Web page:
PETALING JAYA: Today’s Chap Goh Meh or Yuan Xiao, the last day of the Chinese New Year celebrations, will depart from the norm – there will be no traditional tossing of mandarin oranges, public prayers or large-scale celebrations.
But the special occasion will still be celebrated as organisers go online to keep its traditions alive.
Amid the ongoing movement control order, temples and Chinese organisations have decided to go virtual this year.
Federation of Chinese Temples Associations Malaysia president Datuk Chong Kim Cheong said the “Year of the Ox Yuan Xiao Zoom” would go live at 8pm tonight on its Facebook page.
“We have pre-recorded a series of festive and cultural performances. Our committee members from all over the country will go online to celebrate the occasion with the people.“We hope Malaysians can join us and still feel the festive atmosphere online, ” he said when contacted.
Chong, who is also the Johor Chinese Temples Association chairman, called on temples to transform themselves and use the Internet and information technology to offer their services to devotees.
“Each temple can still reach out to its devotees and interact through social media platforms.
“Requests for lighting dragon joss sticks and prayers for blessings or luck can still be done through messaging platforms via online payment methods, ” he added.
Chong said despite the fact that some 70% of temples had to close throughout the various stages of the MCO, these traditions must continue to be preserved.
“It has been a year since the pandemic began. It is high time for us to be active again amid the new normal, ” he added.
Melaka Wushu, Dragon and Lion Dance Association deputy chairman Datuk Wira Gan Tian Loo said it was a state tradition to feature a grand dragon and lion dance performance at the famous Jonker Walk for the annual Yuan Xiao celebration.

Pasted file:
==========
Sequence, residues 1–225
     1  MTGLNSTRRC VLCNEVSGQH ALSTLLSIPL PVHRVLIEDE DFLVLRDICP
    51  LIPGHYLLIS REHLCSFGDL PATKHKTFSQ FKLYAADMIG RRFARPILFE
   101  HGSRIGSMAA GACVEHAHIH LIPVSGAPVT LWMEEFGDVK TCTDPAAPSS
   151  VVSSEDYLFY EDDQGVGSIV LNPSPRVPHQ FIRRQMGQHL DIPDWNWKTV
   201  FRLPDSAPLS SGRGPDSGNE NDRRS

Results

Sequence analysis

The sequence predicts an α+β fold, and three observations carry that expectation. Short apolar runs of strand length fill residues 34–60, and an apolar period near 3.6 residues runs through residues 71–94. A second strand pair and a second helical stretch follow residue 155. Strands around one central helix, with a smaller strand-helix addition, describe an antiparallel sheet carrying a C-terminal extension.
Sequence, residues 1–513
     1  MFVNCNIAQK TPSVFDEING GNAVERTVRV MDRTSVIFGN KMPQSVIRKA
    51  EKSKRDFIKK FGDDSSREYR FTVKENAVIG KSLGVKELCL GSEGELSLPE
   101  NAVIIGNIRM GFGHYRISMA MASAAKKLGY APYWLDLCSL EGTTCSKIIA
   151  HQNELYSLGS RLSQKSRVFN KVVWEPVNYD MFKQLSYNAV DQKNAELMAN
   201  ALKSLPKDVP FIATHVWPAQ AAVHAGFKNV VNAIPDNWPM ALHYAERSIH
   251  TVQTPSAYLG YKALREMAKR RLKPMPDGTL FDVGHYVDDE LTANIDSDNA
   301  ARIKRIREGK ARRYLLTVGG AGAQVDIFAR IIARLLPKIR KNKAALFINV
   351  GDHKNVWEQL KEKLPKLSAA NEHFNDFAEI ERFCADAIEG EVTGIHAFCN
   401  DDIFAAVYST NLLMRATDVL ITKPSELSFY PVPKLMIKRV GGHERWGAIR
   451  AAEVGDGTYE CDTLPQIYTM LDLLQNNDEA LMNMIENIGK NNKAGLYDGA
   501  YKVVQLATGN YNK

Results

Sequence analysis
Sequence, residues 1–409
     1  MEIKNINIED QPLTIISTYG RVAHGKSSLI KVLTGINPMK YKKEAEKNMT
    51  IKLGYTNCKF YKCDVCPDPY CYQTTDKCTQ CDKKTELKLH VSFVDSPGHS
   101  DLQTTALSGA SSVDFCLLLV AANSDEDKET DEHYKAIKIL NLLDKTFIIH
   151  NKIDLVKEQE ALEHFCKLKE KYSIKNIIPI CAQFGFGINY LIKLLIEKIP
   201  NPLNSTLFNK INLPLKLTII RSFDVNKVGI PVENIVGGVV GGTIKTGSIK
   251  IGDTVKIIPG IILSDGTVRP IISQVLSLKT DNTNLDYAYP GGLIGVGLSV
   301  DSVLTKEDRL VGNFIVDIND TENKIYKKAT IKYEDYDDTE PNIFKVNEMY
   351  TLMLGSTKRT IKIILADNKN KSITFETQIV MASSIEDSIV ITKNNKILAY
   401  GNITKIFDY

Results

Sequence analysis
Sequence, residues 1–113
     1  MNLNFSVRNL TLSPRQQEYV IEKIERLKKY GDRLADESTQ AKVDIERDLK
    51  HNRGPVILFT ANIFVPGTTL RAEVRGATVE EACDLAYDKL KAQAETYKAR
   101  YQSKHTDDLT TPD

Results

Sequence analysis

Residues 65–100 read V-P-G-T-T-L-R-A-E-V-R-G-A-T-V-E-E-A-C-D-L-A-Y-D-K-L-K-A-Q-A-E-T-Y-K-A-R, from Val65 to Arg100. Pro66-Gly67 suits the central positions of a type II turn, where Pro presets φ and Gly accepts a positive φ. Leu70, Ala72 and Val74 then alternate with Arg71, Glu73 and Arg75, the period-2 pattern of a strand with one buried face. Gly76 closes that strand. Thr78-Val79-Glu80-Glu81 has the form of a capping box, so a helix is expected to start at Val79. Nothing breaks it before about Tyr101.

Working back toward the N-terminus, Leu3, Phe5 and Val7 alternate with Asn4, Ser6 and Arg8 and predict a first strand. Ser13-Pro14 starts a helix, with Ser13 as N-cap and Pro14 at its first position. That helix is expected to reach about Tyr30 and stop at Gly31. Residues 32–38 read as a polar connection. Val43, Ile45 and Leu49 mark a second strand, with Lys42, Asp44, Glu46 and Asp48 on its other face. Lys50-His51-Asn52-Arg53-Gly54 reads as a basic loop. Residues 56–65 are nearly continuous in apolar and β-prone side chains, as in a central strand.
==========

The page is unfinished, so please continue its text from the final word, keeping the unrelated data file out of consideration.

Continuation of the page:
“We have been doing this for the past 24 years. After a discussion with the National Security Council, we decided to keep this tradition going in a different way this year by going online, ” said Gan, who is also Melaka Chinese New Year Carnival Committee adviser.
From 7pm today, the virtual show would feature 17 dragon and lion dance troupes, he added.
“There will also be various cultural performances lined up.
“We call on the public to join in the celebration through the Facebook page of PWTNSNM or JonkerFm, ” he said.
For the Perak Kwan Yin Tong Temple (Goddess of Mercy Temple), it will be a quiet affair with no tossing of mandarin oranges this year.
A stream within the temple’s grounds has been the focal point for people to congregate and toss oranges as a symbolic gesture to mark Chap Goh Meh each year.
Temple committee chairman Ho You Meng said the annual activities there usually attracted thousands of visitors.
“Minus the crowd and celebrations this year, the temple’s opening hours will be extended until 10pm for devotees to come and offer their prayers.
“Visitors can also take the opportunity to stroll around and take pictures, ” he said.
In Kuantan, the Wan Fo Tien temple managed by the Pahang Buddhist Association will also be organising several low-key events and programmes to mark the occasion with physical distancing in place.
Association president Datuk Franky Chua Goon Eng said hundreds of lanterns had been put up at the premises to liven up the atmosphere.